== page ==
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Pop-up panto producer goes bust owing thousands

Scene from Jack and the Beanstalk at Pantodrome, Newcastle-upon-Tyne Scene from Jack and the Beanstalk at Pantodrome, Newcastle-upon-Tyne, in 2017
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Cast members and suppliers who worked on a pantomime in Newcastle are chasing tens of thousands of pounds in unpaid fees after the production company behind the show went bust.

Among those claiming to be owed money is temporary structure supplier Neptunus, which designed and built the 900-seat pop-up venue in the city’s Times Square that was home to NS Pantomimes’ production of Jack and the Beanstalk last Christmas.

Neptunus’ managing director April Trasler told The Stage the company was owed a “substantial amount of money, running into tens of thousands of pounds” after NS Pantomimes failed to pay the final instalment of its fee.

Trasler said NS Pantomimes had paid two out of the three agreed payments, but money for the final instalment, due before the build started late last year, never materialised.

“We had the option of taking down the facility as a result of this breach of contract but felt this would cause huge disappointment for the thousands of families who had already purchased tickets for the pantomime – and we didn’t wish for Neptunus to be seen as being responsible for ruining their Christmas entertainment,” she said.

Trasler stressed that all suppliers contracted by Neptunus to work on the project had been paid in full.

In a letter seen by The Stage sent to the cast on February 16, producer Jamie Owen Gray said that, with “deep regret”, NS Pantomimes, which launched in 2015, had ceased trading.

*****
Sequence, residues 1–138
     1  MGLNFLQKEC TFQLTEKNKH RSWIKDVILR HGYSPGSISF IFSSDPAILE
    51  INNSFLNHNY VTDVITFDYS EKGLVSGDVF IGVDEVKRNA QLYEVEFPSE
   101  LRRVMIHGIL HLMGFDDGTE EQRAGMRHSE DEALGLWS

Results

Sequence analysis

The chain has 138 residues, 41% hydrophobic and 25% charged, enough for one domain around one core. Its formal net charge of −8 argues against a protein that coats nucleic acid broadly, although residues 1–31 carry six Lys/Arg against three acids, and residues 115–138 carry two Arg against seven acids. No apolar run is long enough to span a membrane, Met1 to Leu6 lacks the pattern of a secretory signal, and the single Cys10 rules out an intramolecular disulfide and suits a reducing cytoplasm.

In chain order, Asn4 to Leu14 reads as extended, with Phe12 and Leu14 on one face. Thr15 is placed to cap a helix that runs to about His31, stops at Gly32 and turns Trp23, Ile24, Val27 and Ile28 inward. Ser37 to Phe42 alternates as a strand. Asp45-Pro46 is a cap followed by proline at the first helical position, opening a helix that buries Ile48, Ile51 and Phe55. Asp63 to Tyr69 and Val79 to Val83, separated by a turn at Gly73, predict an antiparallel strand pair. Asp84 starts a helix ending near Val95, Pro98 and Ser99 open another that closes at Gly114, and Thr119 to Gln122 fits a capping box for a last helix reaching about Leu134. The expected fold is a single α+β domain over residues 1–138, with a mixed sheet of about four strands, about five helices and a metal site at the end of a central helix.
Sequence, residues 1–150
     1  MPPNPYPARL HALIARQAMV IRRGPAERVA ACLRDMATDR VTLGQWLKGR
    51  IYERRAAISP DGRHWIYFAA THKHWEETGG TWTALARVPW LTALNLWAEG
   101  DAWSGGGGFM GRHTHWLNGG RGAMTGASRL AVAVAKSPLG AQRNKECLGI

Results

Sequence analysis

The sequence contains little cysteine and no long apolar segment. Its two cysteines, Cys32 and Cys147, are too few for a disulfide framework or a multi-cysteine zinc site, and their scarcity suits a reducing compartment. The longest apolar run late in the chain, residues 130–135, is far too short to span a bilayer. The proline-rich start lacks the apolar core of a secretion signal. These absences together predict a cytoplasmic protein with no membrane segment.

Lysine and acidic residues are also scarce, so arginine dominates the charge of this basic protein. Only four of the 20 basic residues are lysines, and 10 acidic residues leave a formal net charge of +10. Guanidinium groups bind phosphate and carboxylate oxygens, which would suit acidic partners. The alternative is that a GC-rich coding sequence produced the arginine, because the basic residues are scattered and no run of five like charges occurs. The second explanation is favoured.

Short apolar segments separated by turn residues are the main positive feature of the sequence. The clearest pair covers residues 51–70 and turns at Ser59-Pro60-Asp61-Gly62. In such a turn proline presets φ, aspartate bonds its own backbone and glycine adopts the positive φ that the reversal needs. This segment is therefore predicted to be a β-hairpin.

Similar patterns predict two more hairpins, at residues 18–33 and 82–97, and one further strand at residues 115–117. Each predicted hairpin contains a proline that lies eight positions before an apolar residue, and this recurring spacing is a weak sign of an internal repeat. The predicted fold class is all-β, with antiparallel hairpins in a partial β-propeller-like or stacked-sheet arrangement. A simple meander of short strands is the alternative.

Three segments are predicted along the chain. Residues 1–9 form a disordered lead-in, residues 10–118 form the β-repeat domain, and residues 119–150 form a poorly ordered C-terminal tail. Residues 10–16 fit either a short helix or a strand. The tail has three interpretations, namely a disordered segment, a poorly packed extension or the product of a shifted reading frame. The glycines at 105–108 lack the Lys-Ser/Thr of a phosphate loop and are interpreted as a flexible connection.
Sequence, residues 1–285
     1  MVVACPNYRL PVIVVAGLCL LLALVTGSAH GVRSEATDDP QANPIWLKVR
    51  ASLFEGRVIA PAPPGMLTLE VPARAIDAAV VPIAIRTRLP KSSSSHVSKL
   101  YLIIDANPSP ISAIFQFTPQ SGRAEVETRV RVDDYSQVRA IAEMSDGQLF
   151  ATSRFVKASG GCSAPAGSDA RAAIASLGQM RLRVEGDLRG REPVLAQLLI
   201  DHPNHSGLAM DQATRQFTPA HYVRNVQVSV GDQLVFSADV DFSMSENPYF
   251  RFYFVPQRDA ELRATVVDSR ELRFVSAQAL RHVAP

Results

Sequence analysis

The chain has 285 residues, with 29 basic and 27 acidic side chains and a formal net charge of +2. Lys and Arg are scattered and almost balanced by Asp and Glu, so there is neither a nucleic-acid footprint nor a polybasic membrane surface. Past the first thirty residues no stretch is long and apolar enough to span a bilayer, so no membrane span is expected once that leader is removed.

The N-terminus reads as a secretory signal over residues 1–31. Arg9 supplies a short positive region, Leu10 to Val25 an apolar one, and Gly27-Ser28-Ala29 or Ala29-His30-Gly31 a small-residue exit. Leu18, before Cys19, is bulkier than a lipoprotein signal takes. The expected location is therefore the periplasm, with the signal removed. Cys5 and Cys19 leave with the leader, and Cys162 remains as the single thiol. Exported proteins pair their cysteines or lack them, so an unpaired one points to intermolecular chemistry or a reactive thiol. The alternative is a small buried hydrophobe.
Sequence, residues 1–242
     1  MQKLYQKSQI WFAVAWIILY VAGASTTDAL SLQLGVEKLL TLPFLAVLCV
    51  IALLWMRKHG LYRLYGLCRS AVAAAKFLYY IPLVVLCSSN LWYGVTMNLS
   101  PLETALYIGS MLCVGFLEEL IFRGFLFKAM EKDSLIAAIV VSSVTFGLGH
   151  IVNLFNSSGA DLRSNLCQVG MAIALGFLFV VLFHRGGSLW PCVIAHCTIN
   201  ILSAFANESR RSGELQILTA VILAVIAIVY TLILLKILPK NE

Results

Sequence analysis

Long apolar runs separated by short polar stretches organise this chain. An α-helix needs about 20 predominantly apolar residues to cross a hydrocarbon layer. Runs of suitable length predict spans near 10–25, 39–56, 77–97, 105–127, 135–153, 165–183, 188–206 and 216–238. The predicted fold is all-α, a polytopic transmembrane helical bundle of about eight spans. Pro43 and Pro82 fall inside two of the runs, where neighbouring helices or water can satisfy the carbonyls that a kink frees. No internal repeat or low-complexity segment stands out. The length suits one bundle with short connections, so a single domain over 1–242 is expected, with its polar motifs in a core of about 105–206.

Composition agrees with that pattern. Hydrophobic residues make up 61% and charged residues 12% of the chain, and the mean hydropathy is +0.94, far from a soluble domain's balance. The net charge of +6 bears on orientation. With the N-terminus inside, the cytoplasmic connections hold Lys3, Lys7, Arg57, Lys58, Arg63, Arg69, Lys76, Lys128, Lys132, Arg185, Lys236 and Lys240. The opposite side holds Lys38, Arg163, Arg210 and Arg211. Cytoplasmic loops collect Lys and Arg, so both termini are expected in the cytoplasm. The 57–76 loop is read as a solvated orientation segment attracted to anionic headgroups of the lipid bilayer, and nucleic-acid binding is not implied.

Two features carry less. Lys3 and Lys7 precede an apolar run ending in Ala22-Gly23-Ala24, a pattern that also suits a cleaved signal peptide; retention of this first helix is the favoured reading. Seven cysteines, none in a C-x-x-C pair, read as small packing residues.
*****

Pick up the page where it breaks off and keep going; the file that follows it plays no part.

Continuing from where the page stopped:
“Unfortunately the company has insufficient releasable assets and no funds with which to appoint an insolvency practitioner and thereby initiate a voluntary liquidation,” the letter said, adding that the company would now lie in limbo until struck off by Companies House or wound up by a creditor.

The production was beset by problems from the onset. Several performances were cancelled at the beginning of the run, which meant the show opened late.

Denise Welch had been due to star in the production. However, the actor claims her contract was terminated before performances began after she voiced concerns over the conditions in which they were rehearsing.

Welch said in a statement that the production was in “serious disarray” ahead of its opening, and that an Equity representative was brought in after producers did not provide the correct health and safety documents.

Equity has confirmed that it is now working on behalf of seven cast members who claim they are owed money after working on Jack and the Beanstalk. A spokesman from the union said it planned to pursue Gray for the actors’ money, which amounts to between one and two weeks’ pay each.

BECTU told The Stage that it was not involved on behalf of any of its members but urged anyone who has been affected to contact the union.

The Stage has also spoken to two other cast members who claim they are each owed £1,200 and £600 respectively for their work.

Daniel Mawston, who played Dame Patsy Trot, told The Stage he was owed two weeks’ wages of £1,200. He said he had received no communication or apology about the money he was owed in the three months since the show closed.

Stephen Sullivan, who played Fleshcreep, said he had been left “high and dry” as a result of not receiving £600 in wages.

“This must act as a warning to all wannabe producers and to all actors putting their faith in new companies. Be careful. This is not a game and we are not pawns,” he said.

NS Pantomimes could not be reached for comment.

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